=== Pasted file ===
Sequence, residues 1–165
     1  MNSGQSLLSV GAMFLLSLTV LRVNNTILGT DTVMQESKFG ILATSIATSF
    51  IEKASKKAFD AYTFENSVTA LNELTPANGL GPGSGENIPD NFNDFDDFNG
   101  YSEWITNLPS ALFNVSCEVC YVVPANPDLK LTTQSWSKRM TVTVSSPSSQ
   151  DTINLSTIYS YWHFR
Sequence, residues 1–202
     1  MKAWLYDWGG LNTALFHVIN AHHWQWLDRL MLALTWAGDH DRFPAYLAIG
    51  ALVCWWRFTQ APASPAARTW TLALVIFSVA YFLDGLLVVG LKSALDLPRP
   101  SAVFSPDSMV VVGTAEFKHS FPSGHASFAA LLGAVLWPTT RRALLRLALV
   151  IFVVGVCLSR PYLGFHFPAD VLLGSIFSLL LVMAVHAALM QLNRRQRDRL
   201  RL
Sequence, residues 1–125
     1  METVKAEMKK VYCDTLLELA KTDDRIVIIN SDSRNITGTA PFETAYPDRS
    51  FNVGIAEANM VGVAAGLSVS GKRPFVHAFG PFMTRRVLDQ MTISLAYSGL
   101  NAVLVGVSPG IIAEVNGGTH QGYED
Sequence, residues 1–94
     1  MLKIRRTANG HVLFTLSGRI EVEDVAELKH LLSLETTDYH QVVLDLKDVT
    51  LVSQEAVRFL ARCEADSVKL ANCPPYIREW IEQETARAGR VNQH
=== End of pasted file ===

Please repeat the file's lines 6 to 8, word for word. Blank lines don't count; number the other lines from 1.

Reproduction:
Sequence, residues 1–202
     1  MKAWLYDWGG LNTALFHVIN AHHWQWLDRL MLALTWAGDH DRFPAYLAIG
    51  ALVCWWRFTQ APASPAARTW TLALVIFSVA YFLDGLLVVG LKSALDLPRP